If there is any criticism I have on the relevance of search results, it would be that they don't read the mind of the user. That's probably a good thing as it would be scary if they did, but there are times when you wish they could distinguish between different meanings of a term. Is "Tiger>" a large feline predator with stripes, a (nickname for a) famous golfer, an airline company, or a version of Mac OS X? Typing a simple term like that into Google will give results for each of these things, even on the very first page of results. This can be overcome by adding more search terms, i.e. "Tiger Woods", Tiger Apple, but that does require some extra thought and effort on the part of the user. This is more difficult, of course, when searching for the animal itself, where adding more terms will actually steer the direction of the search in unintended ways... Should I add "animal", "cat" or "predator" to it? I might miss out pages that don't mention these words but would be completely relevant to finding out more about this particular animal, or they may focus on a particular aspect of it. For certain subjects, like Linux or Microsoft technologies, they do actually have specialised search pages (Linux-specific search and Microsoft-related search), but these are not easily discoverable and I tend to simply forget they even exist and thus don't use them when they might be useful.
A final thing that I dislike about Google's search is the inability to search for terms that include non-alphanumeric characters. While they special-case certain phrases, such as "C++", it is impossible to do a search for the C++ overloadable array indexing operator operator or for the LIL- that was displayed on a Linux machine that failed to boot. I have previously asked Google about this and they have confirmed that this is by design. Even though there are other ways of finding those page, this can be quite an inconvenience.
As one of the most recent changes to their interface, Google made most of the non-search-related text invisible by default until a mouse movement. Personally, I did not actually find this an improvement, since it can be a little jarring and it hides the "Language tools" link by default, which is actually the thing I most commonly click on on the Google homepage. Yes, I know I should just set up a bookmark.
With Google being the most used and thus the most important search engine on the web, many people will try to profit off this success and they often attempt to do so in less than ethical ways. While Google is combatting this form of spam, occasionally something slips through the cracks. A vanity search (yeah, I did one, so sue me) for shdon brought up this result:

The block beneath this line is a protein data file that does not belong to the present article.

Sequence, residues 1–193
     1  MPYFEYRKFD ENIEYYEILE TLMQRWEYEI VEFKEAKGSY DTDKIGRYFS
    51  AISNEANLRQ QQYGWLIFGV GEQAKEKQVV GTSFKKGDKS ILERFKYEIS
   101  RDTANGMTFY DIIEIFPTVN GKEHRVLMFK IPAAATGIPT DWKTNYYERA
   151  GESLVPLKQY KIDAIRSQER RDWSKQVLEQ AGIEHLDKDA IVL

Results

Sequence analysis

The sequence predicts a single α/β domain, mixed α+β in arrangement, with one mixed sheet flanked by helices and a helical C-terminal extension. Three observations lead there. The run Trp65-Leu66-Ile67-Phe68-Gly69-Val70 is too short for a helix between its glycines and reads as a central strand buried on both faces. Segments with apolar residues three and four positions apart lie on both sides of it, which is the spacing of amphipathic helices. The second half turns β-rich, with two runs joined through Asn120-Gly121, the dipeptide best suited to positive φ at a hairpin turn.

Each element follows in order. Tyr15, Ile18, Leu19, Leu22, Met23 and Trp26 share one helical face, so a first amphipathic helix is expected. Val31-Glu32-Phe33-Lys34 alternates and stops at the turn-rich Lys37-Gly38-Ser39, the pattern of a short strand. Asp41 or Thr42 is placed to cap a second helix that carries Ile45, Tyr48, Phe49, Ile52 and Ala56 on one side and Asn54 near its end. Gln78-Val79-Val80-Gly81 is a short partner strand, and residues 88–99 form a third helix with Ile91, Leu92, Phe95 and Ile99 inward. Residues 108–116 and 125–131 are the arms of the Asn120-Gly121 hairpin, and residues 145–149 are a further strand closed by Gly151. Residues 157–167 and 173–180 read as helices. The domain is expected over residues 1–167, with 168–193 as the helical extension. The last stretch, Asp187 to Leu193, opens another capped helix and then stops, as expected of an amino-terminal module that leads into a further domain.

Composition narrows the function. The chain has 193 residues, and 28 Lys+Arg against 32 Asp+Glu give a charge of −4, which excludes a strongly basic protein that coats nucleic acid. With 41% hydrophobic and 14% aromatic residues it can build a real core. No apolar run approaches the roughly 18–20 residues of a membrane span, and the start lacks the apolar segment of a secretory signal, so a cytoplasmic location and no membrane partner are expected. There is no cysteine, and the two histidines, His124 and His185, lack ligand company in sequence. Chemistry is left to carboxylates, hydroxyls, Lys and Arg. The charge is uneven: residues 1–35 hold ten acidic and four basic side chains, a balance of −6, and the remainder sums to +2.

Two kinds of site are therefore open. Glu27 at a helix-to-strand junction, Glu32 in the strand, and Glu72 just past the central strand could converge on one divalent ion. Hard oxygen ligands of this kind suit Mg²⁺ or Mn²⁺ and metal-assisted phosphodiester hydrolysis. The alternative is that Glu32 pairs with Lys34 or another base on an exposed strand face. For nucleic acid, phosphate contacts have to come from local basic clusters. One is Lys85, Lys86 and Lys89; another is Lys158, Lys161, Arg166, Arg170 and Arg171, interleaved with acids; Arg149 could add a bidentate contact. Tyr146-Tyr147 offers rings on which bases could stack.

shdon.com | shdon sold for $3080 USD
shdon.com worths about 3080$ USD. We estimate the value of shdon.com according to the number of visitors during the…
I have, of course, removed the real URL from that snippet, but it showed up in the very first page of the search results. I pay 15 bucks a year for this domain and certainly haven't sold it for 3000. I doubt I could... and I don't very much like seeing that in there.
One final thing of note, related to the mind reading, is that I seriously hate it when a computer pretends to know better than I do what I want to do. By all means, when I search for valkenberg park, go ahead and suggest valkenburg park instead, but don't change the query behind my back with the message:
Showing results for valkenburg park. Search instead for valkenberg park
I know what the name is of the park I walk through almost every day. Just because the other word may be more common in the US, (remember that I'm Dutch, even though I use google.com, not google.nl), that doesn't mean that the original word I typed is wrong, especially as it's a proper noun. This would be more forgiveable if there were no search results for the original query, but that is definitely not the case, so it is all the more annoying. The Dutch version of Google doesn't make this "correction", though I'm sure it does others.
It's no surprise that Google is doing so well as a company, and their reputation as the kings of search don't appear undeserved. Even the gripes I mentioned above are often only minor nits that I didn't ran into overly often. As expected, using Google as my primary search engine again went without a hitch and the experience was unremarkable. Being unremarkable is itself a remarkable thing, as it means that it "just works" that there was little if anything in the way of problems. Google set the standard by which others will be judged, and I don't foresee this changing any time soon.
- Week 1: Teoma
- Week 3: Duck Duck Go
- Week 4: Yahoo!
- Week 5: Cuil